‘ I make clothes for real women, so I often use my friends as models’
Melanie Bosch, 37, lives in Douglasdale and works as a marketing specialist. She runs clothing label, Bosch Girl. I’ve always dreamt of starting my own clothing label, but it has taken me 19 years to turn my hobby into a business. I travelled after finishing school and applied to study fashion design in Holland, but my plans changed because I didn’t qualify for a student visa at the time. Instead, I came back home to South Africa and took a casual job at a clothing store, slowly working my way up to area manager.
Melanie Bosch Interview Photo Gallery
I’d hoped it might lead to something more creative, but it didn’t. I still learnt a lot though; from the day-to-day operations of running a business to how to interact with customers. I’ve always loved making my own clothes, and while my retail career didn’t involve fashion design, I continued to sew and create my own outfits in my spare time. I’m mostly influenced by the fashion of the ’40s and ’50s, like wide skirts, printed fabrics, and swing dresses.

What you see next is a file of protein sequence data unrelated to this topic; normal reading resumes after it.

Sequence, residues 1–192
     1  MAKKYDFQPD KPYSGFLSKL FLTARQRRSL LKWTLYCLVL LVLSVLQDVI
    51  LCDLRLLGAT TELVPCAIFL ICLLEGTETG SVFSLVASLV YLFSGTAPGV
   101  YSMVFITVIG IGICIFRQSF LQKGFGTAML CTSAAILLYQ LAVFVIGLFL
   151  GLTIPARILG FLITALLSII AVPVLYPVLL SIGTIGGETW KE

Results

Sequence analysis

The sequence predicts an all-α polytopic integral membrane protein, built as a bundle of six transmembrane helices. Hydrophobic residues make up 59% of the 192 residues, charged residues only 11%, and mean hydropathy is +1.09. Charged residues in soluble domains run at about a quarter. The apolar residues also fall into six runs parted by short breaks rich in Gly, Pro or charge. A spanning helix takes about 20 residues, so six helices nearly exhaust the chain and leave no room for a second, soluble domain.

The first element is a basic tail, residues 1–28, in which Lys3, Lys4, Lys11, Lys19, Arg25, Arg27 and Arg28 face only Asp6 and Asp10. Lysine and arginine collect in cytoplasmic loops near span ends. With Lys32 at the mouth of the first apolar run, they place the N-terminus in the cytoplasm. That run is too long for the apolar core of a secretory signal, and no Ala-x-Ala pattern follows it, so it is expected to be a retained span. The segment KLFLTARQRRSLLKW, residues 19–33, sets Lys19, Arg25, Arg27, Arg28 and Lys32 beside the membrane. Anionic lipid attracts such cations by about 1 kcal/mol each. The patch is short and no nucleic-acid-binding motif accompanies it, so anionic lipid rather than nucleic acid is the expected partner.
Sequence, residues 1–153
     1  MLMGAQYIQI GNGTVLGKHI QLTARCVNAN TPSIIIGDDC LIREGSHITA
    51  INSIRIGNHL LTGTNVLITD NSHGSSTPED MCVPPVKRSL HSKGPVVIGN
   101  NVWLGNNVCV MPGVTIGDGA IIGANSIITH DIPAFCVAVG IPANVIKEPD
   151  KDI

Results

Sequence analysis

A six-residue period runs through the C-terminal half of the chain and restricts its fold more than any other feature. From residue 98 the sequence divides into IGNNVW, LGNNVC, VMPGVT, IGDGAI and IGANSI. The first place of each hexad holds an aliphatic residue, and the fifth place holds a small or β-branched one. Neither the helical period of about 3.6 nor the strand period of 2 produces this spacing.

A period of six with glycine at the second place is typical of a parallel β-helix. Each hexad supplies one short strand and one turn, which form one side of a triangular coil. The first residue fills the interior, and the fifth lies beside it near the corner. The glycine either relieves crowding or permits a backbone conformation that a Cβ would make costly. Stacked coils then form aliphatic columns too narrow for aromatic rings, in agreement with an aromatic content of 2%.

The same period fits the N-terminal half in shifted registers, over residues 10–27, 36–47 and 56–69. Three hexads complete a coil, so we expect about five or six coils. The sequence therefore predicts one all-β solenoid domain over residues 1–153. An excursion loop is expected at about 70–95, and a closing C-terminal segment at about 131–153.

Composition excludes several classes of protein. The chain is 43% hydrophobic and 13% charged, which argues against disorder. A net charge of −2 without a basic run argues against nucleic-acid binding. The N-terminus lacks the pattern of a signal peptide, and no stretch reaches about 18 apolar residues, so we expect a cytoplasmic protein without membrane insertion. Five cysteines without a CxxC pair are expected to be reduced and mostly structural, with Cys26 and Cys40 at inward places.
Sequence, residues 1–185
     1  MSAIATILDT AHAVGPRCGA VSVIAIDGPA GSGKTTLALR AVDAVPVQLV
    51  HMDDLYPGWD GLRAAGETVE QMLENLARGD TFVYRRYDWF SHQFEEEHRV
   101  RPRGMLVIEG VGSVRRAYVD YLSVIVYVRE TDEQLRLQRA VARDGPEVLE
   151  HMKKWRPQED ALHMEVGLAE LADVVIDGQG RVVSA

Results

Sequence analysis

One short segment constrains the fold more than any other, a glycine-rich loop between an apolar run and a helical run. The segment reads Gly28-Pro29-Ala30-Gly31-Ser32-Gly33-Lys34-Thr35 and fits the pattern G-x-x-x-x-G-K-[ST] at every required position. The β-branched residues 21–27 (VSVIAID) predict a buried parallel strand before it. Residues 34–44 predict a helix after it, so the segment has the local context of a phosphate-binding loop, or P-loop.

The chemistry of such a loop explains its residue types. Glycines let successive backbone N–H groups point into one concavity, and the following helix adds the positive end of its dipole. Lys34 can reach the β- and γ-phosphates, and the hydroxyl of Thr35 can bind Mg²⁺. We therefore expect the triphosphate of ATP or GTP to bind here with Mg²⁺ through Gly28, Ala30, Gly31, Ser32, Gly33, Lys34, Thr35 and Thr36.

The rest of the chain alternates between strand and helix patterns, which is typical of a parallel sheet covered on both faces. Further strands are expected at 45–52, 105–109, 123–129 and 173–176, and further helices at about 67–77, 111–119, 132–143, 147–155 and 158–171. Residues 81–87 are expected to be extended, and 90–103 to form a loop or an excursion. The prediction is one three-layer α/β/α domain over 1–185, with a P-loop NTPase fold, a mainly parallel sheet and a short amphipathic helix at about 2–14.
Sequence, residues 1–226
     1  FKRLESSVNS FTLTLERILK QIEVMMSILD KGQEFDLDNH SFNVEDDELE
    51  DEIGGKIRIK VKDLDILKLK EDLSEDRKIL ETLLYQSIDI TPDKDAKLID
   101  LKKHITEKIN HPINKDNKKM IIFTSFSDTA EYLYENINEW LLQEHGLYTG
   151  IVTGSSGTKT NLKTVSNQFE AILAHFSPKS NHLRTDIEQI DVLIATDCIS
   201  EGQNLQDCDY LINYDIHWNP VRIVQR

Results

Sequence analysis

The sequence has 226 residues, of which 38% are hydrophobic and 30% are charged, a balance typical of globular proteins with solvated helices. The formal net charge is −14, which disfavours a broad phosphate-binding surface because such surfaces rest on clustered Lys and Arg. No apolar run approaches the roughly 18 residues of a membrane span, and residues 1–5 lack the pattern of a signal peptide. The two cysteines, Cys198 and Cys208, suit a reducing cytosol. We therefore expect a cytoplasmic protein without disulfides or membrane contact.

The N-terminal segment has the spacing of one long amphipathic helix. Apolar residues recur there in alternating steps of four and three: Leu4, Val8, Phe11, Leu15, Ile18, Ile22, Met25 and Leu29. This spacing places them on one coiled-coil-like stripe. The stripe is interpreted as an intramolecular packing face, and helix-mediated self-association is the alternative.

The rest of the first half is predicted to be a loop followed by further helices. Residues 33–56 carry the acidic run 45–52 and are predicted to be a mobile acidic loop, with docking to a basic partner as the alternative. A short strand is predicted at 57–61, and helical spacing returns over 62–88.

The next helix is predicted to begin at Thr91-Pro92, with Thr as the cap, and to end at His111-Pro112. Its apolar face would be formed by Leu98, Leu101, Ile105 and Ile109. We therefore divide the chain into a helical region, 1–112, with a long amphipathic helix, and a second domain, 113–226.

With my previous sales experience, I landed a sales job in the banking sector in 2010. I could finally afford to fund my fashion design studies, so I enrolled part time at fashion design school, LISOF, where I studied design, pattern making and sewing. My studies took up every Saturday for the 18 months it took me to complete the course, but it was only in January of this year that I finally set my business plan in motion. I made a couple of skirts and started wearing my designs to work, where other women expressed interest in them. Soon I was setting up stalls at local markets, where I’d sell anything between five and 30 pieces of clothing in a day.
I named my clothing label Bosch Girl after myself, as I’m really proud of how far I’ve come. Most evenings and weekends are spent on my business, and I often wake up early to work on my drawings, because I still work full time at the bank. When I feel a bit stuck on a design, nothing clears my head and gets the creative juices flowing like going for a long run outdoors.
My mom, Marietha, who is an amazing seamstress, recently started helping out with the sewing of the garments and I don’t think I’d be able to do any of it without her help. I still sell at markets in the Johannesburg area, but I have set up my own online store, too. In the future my classic vintage style will evolve, but will most likely continue to be inspired by my favourite eras. I would really love Bosch Girl to become a well known South African brand that people are excited to wear.
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